Obtaining a diurnal climatology of the boundary layer along the California coast using ACARS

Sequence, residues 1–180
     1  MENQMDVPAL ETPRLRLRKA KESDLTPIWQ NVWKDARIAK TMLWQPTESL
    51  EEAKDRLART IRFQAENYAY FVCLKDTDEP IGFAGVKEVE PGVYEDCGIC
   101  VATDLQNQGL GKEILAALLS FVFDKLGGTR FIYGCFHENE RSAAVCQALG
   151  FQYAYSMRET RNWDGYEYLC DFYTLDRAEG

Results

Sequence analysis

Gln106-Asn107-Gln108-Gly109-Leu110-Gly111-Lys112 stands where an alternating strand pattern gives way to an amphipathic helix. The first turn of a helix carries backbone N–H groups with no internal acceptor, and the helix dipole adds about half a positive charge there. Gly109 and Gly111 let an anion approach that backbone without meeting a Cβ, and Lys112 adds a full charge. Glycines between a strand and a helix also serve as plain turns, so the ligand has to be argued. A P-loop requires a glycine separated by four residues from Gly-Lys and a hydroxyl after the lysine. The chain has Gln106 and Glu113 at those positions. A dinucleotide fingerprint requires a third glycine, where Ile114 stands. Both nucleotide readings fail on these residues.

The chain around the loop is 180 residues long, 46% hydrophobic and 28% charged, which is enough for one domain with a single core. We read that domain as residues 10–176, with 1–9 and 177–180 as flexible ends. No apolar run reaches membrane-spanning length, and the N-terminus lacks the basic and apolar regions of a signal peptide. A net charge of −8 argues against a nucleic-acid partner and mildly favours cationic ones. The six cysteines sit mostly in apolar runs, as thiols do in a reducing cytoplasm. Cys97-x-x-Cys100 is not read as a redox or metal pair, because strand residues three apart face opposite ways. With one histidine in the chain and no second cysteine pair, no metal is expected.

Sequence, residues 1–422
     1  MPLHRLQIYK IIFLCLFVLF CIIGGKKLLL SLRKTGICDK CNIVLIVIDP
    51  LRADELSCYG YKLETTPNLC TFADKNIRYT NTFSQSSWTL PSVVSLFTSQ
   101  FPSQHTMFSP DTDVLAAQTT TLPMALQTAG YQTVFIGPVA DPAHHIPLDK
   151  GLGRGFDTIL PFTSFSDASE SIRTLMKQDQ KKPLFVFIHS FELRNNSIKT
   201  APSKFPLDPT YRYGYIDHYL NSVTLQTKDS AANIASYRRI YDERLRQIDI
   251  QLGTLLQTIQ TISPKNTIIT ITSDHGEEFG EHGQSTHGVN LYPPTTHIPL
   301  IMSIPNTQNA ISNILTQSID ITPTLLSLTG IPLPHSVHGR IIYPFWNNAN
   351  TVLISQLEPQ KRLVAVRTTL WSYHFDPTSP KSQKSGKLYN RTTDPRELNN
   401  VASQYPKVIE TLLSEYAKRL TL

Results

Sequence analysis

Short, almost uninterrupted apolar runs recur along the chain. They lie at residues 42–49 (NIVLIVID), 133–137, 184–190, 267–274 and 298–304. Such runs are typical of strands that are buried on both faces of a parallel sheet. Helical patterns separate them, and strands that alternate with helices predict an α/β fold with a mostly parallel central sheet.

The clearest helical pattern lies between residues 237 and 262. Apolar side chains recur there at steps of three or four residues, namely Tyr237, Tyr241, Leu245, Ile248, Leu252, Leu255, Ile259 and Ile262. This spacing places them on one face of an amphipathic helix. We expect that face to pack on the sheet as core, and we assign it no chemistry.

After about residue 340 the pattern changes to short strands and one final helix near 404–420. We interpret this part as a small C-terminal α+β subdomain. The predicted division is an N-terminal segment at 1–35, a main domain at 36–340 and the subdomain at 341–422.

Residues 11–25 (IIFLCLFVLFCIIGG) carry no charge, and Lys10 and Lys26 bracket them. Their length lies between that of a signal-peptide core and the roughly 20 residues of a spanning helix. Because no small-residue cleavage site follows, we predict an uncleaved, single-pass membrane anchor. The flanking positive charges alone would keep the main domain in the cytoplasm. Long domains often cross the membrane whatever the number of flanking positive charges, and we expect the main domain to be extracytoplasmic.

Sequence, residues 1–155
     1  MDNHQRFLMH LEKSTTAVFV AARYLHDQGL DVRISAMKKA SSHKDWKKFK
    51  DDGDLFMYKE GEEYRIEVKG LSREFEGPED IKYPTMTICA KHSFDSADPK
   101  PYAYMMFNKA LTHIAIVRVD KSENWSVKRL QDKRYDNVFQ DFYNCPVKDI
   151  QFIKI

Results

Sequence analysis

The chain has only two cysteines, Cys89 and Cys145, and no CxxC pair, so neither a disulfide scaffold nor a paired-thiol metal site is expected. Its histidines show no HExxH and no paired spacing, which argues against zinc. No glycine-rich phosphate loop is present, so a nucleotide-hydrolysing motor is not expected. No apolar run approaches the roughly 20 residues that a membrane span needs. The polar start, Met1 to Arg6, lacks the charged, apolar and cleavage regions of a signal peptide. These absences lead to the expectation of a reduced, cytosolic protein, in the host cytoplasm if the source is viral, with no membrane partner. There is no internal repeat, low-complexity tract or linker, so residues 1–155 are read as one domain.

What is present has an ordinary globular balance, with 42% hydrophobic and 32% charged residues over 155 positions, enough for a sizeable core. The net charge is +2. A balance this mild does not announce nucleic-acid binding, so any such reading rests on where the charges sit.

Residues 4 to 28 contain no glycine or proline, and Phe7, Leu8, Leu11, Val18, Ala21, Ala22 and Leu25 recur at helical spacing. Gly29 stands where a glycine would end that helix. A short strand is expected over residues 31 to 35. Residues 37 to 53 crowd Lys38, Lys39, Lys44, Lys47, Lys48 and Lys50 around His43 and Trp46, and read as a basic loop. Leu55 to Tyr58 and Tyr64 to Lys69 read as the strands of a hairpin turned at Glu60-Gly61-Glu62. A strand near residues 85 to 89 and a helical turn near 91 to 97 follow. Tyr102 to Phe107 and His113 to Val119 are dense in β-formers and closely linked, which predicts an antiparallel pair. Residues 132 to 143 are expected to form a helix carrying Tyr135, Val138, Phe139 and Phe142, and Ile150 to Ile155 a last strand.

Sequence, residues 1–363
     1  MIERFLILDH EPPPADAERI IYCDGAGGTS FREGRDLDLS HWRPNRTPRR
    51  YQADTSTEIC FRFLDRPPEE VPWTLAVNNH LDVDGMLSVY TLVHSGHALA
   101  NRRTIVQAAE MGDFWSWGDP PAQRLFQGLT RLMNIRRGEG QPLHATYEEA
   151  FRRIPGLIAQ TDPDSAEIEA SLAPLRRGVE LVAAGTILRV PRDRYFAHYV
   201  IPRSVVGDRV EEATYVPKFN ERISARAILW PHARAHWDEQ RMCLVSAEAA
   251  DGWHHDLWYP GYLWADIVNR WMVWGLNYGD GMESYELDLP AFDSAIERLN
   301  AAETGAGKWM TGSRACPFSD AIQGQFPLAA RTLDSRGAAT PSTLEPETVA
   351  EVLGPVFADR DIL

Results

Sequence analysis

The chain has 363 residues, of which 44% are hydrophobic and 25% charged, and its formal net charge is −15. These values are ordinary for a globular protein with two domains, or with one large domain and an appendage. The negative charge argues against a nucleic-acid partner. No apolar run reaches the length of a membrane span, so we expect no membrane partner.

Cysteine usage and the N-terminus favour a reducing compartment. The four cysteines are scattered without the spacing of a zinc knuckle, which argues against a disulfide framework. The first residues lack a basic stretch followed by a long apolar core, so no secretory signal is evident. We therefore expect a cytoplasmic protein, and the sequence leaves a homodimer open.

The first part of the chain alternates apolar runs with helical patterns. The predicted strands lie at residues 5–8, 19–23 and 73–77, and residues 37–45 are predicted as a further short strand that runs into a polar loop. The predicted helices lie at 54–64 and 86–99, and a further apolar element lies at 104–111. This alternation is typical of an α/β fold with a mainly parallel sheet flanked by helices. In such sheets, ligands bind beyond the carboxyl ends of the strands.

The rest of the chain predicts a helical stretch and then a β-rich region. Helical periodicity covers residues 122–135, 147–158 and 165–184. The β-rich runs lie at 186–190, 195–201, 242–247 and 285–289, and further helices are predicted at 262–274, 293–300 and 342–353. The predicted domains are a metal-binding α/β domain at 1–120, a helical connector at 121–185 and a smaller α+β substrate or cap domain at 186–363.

Especially at busy airports, the high frequency of soundings from ACARS since 2001 provides an opportunity to produce a climatological record of the diurnal cycle of the lower atmosphere including wind patterns, boundary layer height, and inversion strength which has not been done at this resolution over such a long time period. This study explores both the difficulties associated with using ACARS to produce a robust climatology and also the benefits of using ACARS to characterize the lower atmosphere. One key example is at Los Angeles International Airport (LAX). Since large horizontal gradients exist at the coast, a clear and significant difference in the characteristics of the boundary layer was found between the flight paths occurring east of the airport (offshore) and those to the west of the airport (inland). Thus, flight path must be considered when constructing the climatology or even when ingesting the data into model analysis fields. When applying ACARS data to depict the diurnal cycle of events such as the Catalina eddy, these issues must be considered or the results will be distorted.